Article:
Profiles

PROFILES

Seventeen Ways Of Looking At Mark Turner

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This article first appeared in issue no 8 of Music & Literature Magazine. I remember being at Berklee and listening to Mark in the practice room. A lot of people used to gather outside his practice room at various times and just listen to him. He would be in there ten hours a day, usually. And then I heard him in a cafeteria concert--I think he was with Paul LaDuca and Jorge Rossy--and he was playing a lot ...

PROFILES

Courtney Pine: Standing on the Shoulders of Giants

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Courtney Pine didn't pick up his beloved tenor saxophone for more than a decade, until an album exploring the black British experience demanded it. The multi-instrumentalist eschewed the horn on the likes of Europa, House of Legends and Song (The Ballad Book), his two-hander with pianist Zoe Rahman. “I spoke to Sonny Rollins about five years ago at a concert, and I asked him, 'Why don't you play loads of instruments, like John Coltrane?' What he said was, ...

PROFILES

Denys Baptiste: Making the Late Trane Accessible

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Even the most avowed John Coltrane disciples among us would admit to grappling with some of the albums he released in the couple of years before his death--the likes of Ascension, Sun Ship and Om. And we weren't alone. His long-time drummer, Elvin Jones, told Downbeat magazine, “At times I couldn't hear what I was doing--matter of fact, I couldn't hear what anybody was doing. All I could hear was a lot of noise." Evidently British saxophonist Denys ...

PROFILES

Mônica Vasconcelos: Brazil Songs of Resistance

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A tanned, beautiful young woman in a skimpy bikini walks through the lapping sea waters on the edge of a sun-soaked beach. Soft music plays, its shifting beat following her footsteps. It's a cliché, of course, but a powerful one when it comes to thoughts (male, mainly) of Brazil and its music. UK-based Brazilian singer Mônica Vasconcelos' new record, The São Paulo Tapes-- Brazilian Resistance Songs tells a different tale. It may not shatter the fantasy but those ...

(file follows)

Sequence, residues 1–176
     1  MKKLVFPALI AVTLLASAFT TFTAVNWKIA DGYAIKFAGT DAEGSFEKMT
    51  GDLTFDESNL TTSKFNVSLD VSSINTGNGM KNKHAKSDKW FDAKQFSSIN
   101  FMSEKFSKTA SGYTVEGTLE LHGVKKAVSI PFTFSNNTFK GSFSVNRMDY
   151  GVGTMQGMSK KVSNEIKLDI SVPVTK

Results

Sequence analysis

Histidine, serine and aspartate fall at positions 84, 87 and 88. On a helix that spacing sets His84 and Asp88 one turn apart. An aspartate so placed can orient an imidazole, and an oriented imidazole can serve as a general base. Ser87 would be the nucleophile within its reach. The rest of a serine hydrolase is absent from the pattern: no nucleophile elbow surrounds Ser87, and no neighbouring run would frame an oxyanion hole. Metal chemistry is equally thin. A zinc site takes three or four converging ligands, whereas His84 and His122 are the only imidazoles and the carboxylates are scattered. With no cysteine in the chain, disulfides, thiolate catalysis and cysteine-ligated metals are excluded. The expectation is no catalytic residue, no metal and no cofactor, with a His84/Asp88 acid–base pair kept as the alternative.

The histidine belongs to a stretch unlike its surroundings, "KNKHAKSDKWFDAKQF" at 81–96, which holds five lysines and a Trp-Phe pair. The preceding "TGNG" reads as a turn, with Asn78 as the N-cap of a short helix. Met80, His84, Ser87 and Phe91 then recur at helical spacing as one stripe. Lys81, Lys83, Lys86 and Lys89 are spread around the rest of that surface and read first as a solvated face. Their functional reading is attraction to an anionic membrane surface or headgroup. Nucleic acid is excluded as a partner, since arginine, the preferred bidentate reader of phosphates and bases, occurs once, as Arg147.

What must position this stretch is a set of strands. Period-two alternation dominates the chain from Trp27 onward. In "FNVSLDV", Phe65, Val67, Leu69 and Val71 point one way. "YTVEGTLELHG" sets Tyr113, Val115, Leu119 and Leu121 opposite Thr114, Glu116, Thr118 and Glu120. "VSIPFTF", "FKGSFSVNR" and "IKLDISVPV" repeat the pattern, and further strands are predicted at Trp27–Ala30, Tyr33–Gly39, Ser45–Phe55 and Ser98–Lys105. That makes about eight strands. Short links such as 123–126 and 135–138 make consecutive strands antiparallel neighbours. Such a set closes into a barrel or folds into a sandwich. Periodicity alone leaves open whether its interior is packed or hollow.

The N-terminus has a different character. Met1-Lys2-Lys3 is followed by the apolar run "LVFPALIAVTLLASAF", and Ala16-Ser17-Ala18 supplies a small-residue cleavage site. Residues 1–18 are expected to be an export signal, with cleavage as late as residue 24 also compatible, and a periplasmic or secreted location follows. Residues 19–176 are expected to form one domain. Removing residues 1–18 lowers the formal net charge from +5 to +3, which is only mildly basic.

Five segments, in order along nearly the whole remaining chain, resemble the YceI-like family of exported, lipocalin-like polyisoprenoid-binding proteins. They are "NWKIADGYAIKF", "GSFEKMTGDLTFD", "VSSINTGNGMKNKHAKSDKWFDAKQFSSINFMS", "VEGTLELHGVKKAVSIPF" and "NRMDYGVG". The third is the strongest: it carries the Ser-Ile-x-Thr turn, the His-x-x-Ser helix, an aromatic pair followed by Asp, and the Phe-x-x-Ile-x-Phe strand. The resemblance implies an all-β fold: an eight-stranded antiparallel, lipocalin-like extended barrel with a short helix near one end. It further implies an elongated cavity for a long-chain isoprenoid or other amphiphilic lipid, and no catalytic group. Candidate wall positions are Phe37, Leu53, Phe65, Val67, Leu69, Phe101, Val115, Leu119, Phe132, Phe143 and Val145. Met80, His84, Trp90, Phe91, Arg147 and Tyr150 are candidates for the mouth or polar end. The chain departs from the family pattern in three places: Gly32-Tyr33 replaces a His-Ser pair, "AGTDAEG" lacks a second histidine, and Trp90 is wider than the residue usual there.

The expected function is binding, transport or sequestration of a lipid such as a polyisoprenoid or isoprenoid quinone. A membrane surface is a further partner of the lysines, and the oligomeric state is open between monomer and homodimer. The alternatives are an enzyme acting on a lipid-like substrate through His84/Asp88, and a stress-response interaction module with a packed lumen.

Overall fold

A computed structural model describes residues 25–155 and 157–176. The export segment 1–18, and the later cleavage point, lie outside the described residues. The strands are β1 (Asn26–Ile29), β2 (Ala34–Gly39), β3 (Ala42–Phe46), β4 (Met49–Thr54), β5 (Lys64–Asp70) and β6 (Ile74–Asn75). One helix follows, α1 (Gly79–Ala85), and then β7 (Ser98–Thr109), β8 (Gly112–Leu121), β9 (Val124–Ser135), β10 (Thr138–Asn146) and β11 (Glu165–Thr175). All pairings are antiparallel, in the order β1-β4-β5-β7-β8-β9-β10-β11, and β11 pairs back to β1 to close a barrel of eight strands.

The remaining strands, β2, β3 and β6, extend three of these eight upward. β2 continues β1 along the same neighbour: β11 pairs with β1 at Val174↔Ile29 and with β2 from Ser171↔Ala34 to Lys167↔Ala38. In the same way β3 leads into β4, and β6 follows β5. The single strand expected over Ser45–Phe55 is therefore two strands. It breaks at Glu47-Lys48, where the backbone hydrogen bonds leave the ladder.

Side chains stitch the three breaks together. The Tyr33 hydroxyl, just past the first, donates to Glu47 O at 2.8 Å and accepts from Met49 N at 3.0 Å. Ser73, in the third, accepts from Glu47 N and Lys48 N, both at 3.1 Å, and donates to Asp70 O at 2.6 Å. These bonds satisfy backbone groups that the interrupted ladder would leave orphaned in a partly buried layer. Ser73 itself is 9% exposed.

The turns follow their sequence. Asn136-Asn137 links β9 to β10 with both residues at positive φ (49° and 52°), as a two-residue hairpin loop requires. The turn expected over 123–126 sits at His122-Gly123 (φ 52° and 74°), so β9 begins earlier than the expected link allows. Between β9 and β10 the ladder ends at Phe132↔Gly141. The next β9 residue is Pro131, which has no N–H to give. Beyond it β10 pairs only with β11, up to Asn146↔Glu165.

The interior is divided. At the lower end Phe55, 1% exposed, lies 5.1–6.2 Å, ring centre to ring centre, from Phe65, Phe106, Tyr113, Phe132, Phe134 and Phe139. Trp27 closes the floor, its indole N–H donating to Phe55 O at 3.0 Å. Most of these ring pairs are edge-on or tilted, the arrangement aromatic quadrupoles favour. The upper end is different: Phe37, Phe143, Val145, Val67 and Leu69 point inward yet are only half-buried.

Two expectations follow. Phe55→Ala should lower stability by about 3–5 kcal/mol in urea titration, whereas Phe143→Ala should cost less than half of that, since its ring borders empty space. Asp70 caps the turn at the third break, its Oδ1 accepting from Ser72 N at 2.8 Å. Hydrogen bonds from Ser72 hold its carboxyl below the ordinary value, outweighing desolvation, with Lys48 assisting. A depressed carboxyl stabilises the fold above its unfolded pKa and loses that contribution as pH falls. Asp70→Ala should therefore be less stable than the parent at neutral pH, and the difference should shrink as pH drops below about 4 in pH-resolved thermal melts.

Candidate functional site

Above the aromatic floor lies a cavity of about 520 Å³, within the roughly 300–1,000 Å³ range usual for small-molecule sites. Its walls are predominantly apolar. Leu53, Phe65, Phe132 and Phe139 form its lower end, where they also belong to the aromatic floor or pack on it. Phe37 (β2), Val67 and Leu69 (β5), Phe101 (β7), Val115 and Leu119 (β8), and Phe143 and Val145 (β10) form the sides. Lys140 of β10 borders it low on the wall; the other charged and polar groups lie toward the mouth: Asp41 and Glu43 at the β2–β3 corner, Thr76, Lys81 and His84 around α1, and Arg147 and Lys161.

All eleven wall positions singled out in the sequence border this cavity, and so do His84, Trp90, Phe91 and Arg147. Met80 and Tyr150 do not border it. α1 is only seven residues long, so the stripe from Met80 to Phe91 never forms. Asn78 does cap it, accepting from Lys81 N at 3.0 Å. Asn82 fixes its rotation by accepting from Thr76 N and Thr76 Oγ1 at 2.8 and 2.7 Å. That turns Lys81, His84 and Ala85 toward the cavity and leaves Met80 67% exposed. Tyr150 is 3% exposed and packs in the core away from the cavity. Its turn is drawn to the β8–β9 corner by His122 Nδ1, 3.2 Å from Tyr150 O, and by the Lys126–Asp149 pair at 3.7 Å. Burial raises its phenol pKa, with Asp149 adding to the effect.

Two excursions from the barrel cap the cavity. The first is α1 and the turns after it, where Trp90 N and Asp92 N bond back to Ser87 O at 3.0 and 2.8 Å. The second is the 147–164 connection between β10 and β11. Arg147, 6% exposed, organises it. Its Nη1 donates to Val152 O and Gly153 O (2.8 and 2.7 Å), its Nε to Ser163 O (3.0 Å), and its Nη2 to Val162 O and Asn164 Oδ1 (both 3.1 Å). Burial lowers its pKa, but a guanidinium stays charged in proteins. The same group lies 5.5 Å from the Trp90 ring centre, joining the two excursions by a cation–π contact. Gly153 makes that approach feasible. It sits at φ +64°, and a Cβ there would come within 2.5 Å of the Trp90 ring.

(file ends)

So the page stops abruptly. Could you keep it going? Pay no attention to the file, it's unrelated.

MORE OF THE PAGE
PROFILES

Mike Stern: What A Trip

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"I never trip. I just don't. But then, it just happened." This is how Mike Stern began his story as he explained to my wife and I how it happened. If you somehow missed it, “it" refers to the tumble Stern took in July of 2016. This accidental fall resulting in both shoulders being shattered. In addition to the broken humerus bones and broken arms, he suffered serious nerve damage in his right arm and right hand.

PROFILES

BassDrumBone and the New Haven Jazz Renaissance

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When they first began playing together in jny: New Haven, Connecticut in 1977, the trio BassDrumBone--bassist Mark Helias, percussionist Gerry Hemingway and trombonist Ray Anderson--were called OAHSPE. The name, which Anderson recalls having heard in Seattle from a source he understood to be Native American, is supposed to mean “sky earth and spirit." It is coincidentally also the title of a “new bible" purporting to be the words of “Jehovih and his angel ambassadors" [sic] which had been channeled by ...

PROFILES

Glen Campbell: 1936-2017

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“Well, that moment has come that we have known was an inevitable certainty and yet stings like a sudden catastrophe. Let the world note that a great American influence on pop music, the American Beatle, the secret link between so many artists and records that we can only marvel, has passed and cannot be replaced -my friend and brother in music, Glen Campbell." Composer Jimmy Webb, Facebook, August 8, 2017 Jimmy Webb and Glenn Campbell had ...

PROFILES

Soweto Kinch: A Singular Jazz Odyssey

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Soweto Kinch was a curious teenager when an encounter with Wynton Marsalis impelled him on his own jazz odyssey. An odyssey characterised by the creation of dynamic new soundscapes in the spirit of the music's great innovators, on landmark albums such as A Life in the Day of B19: Tales of the Tower Block, The Legend of Mike Smith and Nonogram. “There is a point at which you can hear the music and not really be switched onto ...

PROFILES

Voices of the People: Philadelphia Jazz Project to Celebrate America’s Cherished Values

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The famed Philadelphia Jazz Project (PJP) has a tradition of organizing and presenting concerts in fresh, imaginative, and creative ways. It is a stimulus program whose mission is to generate interest in and responsiveness to the music and to locally-based musicians. The upcoming series, “Voices of the People," four concerts featuring Philadelphia vocalists, is designed for just such purposes. As PJP founder and director, Homer Jackson, told All About Jazz, “To stimulate musical interest, you must engage vocalists. ...


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